Opinion | Trying to cancel who I became in a cancel culture6 min read . Updated: 17 Jul 2020, 09:00 AM IST
While we need a culture that leaves us room for mistakes, we also need one that encourages genuine interrogation of our own privilege
There is a peculiar pleasure in flouncing out of a WhatsApp group. And I have done my share of flouncing. The latest instance was from a group that was not particularly egregious, and mostly free from the usual hormonal teenage jokes and casual misogyny that passes as nostalgia for the good old college days. Yet I found myself being drawn into increasingly acrimonious political arguments in the group. And after a particularly testy exchange, I abruptly exited it.
I left not because I was right but because I realized I had become far too invested in being right. Having the last word had become more important than any principle at stake. I left because I didn’t like the person I had become. In a sense, I wanted to “cancel" that person.
I didn’t know much about “cancel culture" until I read a New York Times (NYT) op-ed by an old friend, Loretta Ross. The formidable civil rights activist and I had worked together briefly as board members of a human rights group. Her history as a grass-roots organizer from the American South made me—an Indian software engineer in Silicon Valley—feel puny and shallow. Also, I felt fearful that my “privilege" would express itself as ignorance of civil rights history, black identity or intersectionality.
Ross, however, was nothing but warm, and that same generosity shone through in her NYT column. She writes about how she worked with women whose partners were in the Ku Klux Klan and didn’t react with high dudgeon when they called her a “well-spoken coloured girl", instead telling them how it felt the first time she heard the n-word as an eight-year-old. The women and she made progress. Looking back on her experience as a young black feminist activist in the 1970s—a time when she would often sharply criticize white women for not recognizing intersectionality—she writes: “I rarely questioned whether the way I addressed their white privilege was actually counterproductive. They barely understood what it meant to be white women in the system of white supremacy. Was it realistic to expect them to comprehend the experiences of black women?"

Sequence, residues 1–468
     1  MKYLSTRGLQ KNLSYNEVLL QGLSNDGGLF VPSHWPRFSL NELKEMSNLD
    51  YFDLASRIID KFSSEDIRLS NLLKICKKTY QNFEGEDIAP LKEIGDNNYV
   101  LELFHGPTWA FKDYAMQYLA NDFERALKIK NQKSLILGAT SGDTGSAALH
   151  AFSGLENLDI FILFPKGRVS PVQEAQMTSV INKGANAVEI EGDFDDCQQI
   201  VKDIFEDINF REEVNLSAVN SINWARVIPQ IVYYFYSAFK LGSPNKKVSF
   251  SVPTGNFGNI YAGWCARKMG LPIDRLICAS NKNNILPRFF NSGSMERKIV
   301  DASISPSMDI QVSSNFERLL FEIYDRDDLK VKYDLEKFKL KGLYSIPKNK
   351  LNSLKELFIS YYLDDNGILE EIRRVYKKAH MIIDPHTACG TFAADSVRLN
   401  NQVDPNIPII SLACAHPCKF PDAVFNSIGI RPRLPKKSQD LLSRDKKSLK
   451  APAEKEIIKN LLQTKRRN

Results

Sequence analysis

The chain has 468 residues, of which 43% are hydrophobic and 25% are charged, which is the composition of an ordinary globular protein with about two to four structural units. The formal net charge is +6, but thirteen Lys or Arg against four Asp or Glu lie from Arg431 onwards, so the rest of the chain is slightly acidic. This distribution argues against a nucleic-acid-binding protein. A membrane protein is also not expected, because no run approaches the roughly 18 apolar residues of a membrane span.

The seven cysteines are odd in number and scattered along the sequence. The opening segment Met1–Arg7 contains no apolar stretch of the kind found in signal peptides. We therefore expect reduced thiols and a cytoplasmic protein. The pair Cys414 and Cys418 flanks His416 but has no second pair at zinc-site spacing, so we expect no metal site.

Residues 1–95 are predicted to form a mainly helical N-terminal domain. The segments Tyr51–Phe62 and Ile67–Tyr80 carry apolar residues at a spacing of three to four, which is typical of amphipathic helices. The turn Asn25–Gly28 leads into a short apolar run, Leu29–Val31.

That word “counterproductive" stopped me short and raised an uncomfortable question: When I call out someone for their prejudices, am I pushing for change or advertising my woke self? There’s a form of virtue signalling that deploys wokeness as a bludgeon to shame and silence others. We often don’t even know that we are indulging in it. Sometimes we are caught up in too much glee when we think we have found that gotcha moment.
Worse, just the prospect of being shamed can shut someone up in advance. A few years ago, at a South Asian LGBTQ+ conference in California, a Canadian doctoral student was talking about the privilege of cis-gay men. At some point, the young Indian man next to me—who had recently come out to family and friends—leaned over and nervously whispered, “What is cis? How do you spell it?" He knew that asking the question out loud would have evoked laughter or, worse, derision.
The same LGBTQ+ group had a discussion about sending representatives to the local Asian lesbian banquet. It was always the women who were expected to attend it. Then one day a woman said, “Why is it always the women’s job to go to a women’s fund-raiser? The men can also go to show their support." It was a wake-up moment. The men were called out but in a way that was “productive". Ross has a word for this I really like. She describes this as “calling-in": “Calling-in is simply a call-out done with love. It is not tone policing, protecting white fragility or covering up abuse. It helps avoid the weaponization of suffering that prevents constructive healing."